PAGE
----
Why would Random House ask for its own books???
kamins at ModernLib.com
Sun Dec 10 21:19:18 EST 2006
The thing that I find interesting is that they didn't have their own
copies. Why wouldn't a publisher have copies of its own backlist,
especially for ones published in recent years?
On Dec 10, 2006, at 6:08 PM, Gordon Neavill wrote:
> This was the period when RH was converting the Modern Library from
> letterpress (relief) printing plates to offset lithograhy. They
> took clean copies of backlist titles, photographed the pages, and
> made offset plates from the negatives. They wanted to photograph
> copies of first or very early printings since later printings
> tended to show wear and batter to the plates. It was shortly before
> this period that offset lithographic printing had become cheaper
> than letterpress printing. Today nearly all printing is
> photolithographic; "hot" metal type isn't involved at any stage. I
> discussed this in my column in ML Collector 44.
> Thanks for finding this ad! I hadn't seen it before. Somewhere I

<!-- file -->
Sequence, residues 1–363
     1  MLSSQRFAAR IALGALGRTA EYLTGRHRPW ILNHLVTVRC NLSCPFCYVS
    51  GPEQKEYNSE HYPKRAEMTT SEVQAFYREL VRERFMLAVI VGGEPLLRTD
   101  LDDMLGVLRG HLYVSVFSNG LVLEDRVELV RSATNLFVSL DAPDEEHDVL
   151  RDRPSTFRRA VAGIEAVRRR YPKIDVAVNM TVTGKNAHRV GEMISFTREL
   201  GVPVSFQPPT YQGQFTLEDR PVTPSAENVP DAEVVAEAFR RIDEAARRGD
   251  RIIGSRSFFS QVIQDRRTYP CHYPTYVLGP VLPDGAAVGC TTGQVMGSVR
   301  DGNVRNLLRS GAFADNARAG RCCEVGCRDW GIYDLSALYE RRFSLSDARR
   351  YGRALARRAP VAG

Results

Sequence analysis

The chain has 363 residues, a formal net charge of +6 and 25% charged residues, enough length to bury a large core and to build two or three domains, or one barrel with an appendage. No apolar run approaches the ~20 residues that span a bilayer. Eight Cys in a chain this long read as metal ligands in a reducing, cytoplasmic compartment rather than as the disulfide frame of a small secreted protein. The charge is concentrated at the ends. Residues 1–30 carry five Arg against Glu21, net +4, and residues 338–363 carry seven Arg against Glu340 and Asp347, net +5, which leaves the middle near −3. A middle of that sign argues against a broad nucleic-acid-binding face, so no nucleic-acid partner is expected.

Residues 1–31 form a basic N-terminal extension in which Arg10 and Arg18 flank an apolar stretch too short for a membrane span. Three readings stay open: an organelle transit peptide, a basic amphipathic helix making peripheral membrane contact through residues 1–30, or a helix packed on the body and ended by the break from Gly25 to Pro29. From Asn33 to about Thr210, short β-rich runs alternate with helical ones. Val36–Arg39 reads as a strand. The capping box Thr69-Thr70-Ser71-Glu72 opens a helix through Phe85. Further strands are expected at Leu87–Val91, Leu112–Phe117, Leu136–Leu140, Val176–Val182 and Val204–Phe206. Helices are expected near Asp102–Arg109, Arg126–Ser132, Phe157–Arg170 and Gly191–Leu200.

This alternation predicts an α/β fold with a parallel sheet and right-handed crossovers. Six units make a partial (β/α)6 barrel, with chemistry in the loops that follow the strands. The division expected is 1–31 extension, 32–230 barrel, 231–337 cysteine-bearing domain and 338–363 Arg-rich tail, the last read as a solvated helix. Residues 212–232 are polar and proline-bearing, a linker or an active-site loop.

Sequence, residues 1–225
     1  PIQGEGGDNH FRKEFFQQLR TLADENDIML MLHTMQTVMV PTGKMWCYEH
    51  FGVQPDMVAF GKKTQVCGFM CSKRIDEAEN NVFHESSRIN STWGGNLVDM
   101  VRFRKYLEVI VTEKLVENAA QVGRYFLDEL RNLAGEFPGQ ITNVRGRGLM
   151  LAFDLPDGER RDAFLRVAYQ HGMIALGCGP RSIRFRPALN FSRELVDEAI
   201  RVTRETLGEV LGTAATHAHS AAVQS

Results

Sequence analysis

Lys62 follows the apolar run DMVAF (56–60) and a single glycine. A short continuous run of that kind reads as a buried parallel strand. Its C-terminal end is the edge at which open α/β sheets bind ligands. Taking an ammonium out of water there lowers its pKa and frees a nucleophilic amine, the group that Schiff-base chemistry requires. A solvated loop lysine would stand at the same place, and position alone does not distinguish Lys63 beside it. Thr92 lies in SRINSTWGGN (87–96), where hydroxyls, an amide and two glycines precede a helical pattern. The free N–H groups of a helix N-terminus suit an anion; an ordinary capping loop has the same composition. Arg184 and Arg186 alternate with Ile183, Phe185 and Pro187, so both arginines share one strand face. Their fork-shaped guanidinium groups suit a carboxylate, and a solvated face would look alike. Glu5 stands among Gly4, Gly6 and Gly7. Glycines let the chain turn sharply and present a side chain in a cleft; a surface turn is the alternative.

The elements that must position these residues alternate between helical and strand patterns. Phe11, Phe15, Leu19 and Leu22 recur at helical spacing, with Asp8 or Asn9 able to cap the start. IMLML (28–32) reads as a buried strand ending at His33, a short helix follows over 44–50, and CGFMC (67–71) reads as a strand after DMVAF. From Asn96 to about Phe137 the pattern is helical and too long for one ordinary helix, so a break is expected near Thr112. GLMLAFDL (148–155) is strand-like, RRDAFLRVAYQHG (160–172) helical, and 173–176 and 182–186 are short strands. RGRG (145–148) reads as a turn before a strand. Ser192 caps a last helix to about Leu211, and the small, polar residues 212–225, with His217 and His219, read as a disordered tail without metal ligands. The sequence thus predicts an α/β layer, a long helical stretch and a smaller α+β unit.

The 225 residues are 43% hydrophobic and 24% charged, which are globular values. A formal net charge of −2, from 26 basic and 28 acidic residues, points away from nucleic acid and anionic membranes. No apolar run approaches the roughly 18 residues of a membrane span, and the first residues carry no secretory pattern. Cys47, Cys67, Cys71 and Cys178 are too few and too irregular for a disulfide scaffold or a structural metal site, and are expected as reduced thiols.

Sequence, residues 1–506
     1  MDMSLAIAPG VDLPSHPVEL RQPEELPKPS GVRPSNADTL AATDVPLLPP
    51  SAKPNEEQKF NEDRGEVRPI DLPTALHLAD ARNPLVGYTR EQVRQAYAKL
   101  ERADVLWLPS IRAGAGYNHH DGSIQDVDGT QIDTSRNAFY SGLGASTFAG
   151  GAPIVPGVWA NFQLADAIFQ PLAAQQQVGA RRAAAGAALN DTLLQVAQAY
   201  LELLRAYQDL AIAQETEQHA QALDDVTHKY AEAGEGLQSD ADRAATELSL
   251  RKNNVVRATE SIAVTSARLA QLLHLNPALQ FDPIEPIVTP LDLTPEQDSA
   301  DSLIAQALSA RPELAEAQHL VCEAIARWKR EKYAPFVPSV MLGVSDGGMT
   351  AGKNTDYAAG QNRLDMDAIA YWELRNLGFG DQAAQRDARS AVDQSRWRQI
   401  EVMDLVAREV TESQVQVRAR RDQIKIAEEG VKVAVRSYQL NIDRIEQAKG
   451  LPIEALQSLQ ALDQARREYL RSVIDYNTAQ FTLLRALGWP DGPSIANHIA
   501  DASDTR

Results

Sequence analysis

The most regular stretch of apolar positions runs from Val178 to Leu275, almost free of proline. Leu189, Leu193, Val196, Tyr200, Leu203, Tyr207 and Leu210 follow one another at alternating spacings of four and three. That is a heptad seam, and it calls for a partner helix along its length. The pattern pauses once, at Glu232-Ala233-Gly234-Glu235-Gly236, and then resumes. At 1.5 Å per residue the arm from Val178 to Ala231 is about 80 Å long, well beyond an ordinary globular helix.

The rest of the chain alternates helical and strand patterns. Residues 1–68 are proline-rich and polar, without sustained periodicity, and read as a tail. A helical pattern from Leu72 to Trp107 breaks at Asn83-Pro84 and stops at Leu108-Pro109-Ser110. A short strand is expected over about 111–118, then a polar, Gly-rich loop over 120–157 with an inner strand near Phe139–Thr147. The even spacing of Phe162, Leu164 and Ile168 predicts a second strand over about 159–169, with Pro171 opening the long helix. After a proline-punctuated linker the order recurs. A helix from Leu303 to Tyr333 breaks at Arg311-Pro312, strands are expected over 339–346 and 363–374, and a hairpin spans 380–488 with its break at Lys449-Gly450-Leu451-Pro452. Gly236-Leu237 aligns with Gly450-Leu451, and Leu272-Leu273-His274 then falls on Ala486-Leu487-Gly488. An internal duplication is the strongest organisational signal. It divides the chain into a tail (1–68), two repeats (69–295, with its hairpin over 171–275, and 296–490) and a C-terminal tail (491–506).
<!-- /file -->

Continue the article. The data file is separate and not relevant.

> have a list of titles that RH hadn't been able to convert to offset
> lithography ... when I get time I'll compare it to this list.
> ---- Original message ----
>> Date: Sun, 10 Dec 2006 16:45:29 -0800
>> From: Scot Kamins <kamins at ModernLib.com>
>> Subject: Why would Random House ask for its own books???
>> To: ML ListServ <modlib at algol.owu.edu>
>> In searching in the New York Times historic database, I ran across an
>> ad from Random House (December 8, 1968) addressing a plea to the
>> general public. The ad says (in part) "Random House is now revising
>> its entire Modern Library series and needs copies of these books..."
>> The ad includes a list of titles wanted "for editorial purposes and
>> for reproduction." See the ad here:
>> Some of the titles in the list had recently been published. So how
>> could it be that Random House didn't have copies of its own library
>> -- especially recently published titles?
>> Scot Kamins
>> "Great spirits have always encountered
>> violent opposition from mediocre minds."
>> -Albert Einstein
> Gordon B. Neavill
> Associate Professor
> Library and Information Science Program
> 106 Kresge Library
> Wayne State University
> Detroit, MI 48202
> 313-577-0507 (tel); 313-577-7563 (fax)
> aa3401 at wayne.edu
"He fell for her like his heart was a mob informant, and she was the
East River." - from an anonymous high school essay
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